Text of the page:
Yes, you can defend yourself against kidnapping charges

Kidnapping is a criminal act that many people assume is always violent. Some accuse others of kidnapping people even though the alleged victim may have gone with the person willingly. As someone in this position, you have every right to be angry about the allegations against you.

Kidnapping is a serious felony offense due to the U.S. federal criminal code. Despite that, most of the cases are tried at the state level. In the case that the alleged kidnapping took place across multiple states, you may face federal charges in a federal court instead.

Thankfully, you have multiple defenses you can use against any allegations made. For example, if the alleged victim consented to going somewhere with you and was not being held against his or her will, then you could show that no kidnapping happened. What kind of proof would you need? Perhaps you have a recorded conversation, emails or chats about the trip you can use as support for your case.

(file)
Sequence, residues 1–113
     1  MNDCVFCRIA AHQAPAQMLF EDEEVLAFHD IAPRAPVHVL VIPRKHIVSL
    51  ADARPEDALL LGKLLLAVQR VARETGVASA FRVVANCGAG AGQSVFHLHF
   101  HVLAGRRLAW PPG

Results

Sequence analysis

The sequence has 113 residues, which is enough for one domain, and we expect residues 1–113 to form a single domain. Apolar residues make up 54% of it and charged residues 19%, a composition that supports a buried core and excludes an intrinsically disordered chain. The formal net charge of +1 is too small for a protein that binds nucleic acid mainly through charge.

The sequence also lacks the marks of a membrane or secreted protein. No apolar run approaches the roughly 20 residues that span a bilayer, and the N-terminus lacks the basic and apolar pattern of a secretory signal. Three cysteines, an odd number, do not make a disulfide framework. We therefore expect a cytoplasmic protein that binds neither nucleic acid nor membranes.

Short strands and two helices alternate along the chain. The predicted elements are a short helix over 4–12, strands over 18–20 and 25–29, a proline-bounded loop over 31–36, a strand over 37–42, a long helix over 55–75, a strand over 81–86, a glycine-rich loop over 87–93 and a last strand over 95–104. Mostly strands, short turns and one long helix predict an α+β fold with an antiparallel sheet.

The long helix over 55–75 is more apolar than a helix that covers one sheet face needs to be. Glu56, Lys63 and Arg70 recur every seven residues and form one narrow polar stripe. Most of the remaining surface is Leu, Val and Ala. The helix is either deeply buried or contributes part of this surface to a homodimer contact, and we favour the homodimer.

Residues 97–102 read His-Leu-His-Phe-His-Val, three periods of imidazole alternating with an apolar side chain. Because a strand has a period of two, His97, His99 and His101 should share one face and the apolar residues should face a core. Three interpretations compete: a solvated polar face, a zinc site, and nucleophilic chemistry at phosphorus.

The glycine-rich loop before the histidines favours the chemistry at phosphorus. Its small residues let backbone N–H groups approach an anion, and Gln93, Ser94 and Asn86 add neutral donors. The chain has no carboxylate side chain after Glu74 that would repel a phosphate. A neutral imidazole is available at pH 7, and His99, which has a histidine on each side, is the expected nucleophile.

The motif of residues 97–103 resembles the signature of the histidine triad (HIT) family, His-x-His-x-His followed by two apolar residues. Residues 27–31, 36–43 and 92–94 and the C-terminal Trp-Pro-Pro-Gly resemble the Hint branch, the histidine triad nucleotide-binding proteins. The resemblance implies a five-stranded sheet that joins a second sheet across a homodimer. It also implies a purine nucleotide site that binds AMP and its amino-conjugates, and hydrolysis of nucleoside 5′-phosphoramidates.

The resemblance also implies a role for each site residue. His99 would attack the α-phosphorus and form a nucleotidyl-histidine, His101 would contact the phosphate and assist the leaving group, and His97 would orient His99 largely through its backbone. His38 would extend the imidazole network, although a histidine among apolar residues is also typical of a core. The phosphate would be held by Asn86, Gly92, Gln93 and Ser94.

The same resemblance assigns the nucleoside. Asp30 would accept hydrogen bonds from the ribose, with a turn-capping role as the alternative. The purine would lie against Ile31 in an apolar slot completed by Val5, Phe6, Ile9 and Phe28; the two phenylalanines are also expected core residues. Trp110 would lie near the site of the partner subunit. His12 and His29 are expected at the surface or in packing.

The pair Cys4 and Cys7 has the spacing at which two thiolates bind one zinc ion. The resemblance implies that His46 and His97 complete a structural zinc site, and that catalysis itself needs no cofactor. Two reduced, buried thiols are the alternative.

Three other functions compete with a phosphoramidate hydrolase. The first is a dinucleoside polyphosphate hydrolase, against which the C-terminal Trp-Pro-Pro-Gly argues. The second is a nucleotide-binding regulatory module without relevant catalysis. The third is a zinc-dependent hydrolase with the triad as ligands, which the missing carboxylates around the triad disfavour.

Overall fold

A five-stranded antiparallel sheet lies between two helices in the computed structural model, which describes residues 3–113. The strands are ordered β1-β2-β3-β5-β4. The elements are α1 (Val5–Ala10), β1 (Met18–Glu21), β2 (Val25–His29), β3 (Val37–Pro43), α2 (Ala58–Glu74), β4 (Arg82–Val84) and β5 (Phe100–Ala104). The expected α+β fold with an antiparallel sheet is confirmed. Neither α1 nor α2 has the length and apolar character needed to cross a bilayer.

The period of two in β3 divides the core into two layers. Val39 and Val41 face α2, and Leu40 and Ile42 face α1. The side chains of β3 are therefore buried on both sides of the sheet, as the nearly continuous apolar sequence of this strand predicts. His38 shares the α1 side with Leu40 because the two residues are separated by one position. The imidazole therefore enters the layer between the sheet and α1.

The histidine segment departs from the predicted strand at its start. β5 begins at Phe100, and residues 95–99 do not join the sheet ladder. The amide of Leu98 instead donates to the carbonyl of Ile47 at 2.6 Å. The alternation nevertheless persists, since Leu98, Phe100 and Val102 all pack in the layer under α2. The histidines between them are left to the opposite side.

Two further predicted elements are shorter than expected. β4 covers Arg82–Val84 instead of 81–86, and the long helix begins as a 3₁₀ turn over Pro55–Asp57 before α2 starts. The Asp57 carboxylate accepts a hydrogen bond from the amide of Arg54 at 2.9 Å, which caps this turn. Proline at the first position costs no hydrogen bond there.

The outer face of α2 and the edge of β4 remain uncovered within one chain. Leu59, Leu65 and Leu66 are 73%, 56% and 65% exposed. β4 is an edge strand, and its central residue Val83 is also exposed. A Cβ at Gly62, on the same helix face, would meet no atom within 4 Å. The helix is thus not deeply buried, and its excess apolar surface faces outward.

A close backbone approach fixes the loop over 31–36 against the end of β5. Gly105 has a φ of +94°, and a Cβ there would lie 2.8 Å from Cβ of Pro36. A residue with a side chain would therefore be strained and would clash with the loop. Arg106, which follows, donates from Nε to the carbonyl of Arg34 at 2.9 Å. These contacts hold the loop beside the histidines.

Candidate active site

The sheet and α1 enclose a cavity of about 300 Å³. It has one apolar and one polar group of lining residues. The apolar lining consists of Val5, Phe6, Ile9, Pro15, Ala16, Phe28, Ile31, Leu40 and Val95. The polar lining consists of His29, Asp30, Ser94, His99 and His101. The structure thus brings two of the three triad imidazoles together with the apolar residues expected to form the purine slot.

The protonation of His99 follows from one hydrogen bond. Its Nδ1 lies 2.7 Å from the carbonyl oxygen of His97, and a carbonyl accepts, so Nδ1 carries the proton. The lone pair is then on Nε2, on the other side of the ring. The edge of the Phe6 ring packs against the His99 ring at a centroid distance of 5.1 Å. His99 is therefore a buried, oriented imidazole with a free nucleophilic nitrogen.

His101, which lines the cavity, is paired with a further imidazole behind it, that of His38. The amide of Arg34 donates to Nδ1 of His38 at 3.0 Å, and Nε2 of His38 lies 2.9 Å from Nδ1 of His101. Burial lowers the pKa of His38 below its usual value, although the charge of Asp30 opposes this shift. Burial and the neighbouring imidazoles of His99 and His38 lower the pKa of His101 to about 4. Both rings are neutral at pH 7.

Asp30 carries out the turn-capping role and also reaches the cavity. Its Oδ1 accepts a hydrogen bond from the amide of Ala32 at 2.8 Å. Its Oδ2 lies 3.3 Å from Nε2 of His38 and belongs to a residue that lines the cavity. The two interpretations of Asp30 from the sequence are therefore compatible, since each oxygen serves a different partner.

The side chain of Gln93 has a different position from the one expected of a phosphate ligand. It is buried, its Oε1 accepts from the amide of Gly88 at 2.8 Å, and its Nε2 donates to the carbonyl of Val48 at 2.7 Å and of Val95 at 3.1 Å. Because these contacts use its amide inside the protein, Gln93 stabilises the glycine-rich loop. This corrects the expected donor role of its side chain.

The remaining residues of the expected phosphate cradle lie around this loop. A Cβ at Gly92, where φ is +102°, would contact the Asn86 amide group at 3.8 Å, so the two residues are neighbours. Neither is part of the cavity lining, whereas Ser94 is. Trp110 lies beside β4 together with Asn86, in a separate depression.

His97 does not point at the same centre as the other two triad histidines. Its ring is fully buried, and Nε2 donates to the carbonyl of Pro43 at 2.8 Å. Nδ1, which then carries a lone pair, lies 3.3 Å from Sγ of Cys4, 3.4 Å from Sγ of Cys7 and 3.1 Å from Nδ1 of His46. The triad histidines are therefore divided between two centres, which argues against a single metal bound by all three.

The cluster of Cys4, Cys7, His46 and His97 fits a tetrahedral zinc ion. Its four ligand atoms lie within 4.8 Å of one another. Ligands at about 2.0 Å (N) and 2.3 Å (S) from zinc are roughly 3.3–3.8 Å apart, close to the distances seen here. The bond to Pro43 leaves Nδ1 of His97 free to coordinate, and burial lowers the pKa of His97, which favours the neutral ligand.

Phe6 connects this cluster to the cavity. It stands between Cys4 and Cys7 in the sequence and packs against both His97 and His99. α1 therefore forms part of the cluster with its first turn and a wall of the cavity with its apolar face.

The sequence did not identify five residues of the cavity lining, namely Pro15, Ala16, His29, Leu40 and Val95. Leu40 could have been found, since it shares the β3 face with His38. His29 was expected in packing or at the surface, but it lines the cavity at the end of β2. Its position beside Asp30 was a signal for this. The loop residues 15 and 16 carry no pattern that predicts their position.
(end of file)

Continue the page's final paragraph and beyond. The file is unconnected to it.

You may also claim that you had a lack of knowledge. Perhaps you were driving out of the state and the person you were caught with had sneaked into your vehicle. While others claim you kidnapped the person, you actually had no idea he or she was in the back of your van or truck. This is a particularly good defense if you are a relative of the victim. For instance, if a child sneaks into the back of your vehicle because he or she wants to go with you despite being told no, you should not be accused of kidnapping.

Our website has more information about kidnapping and other violent crimes. If you face charges, you need to defend yourself immediately.

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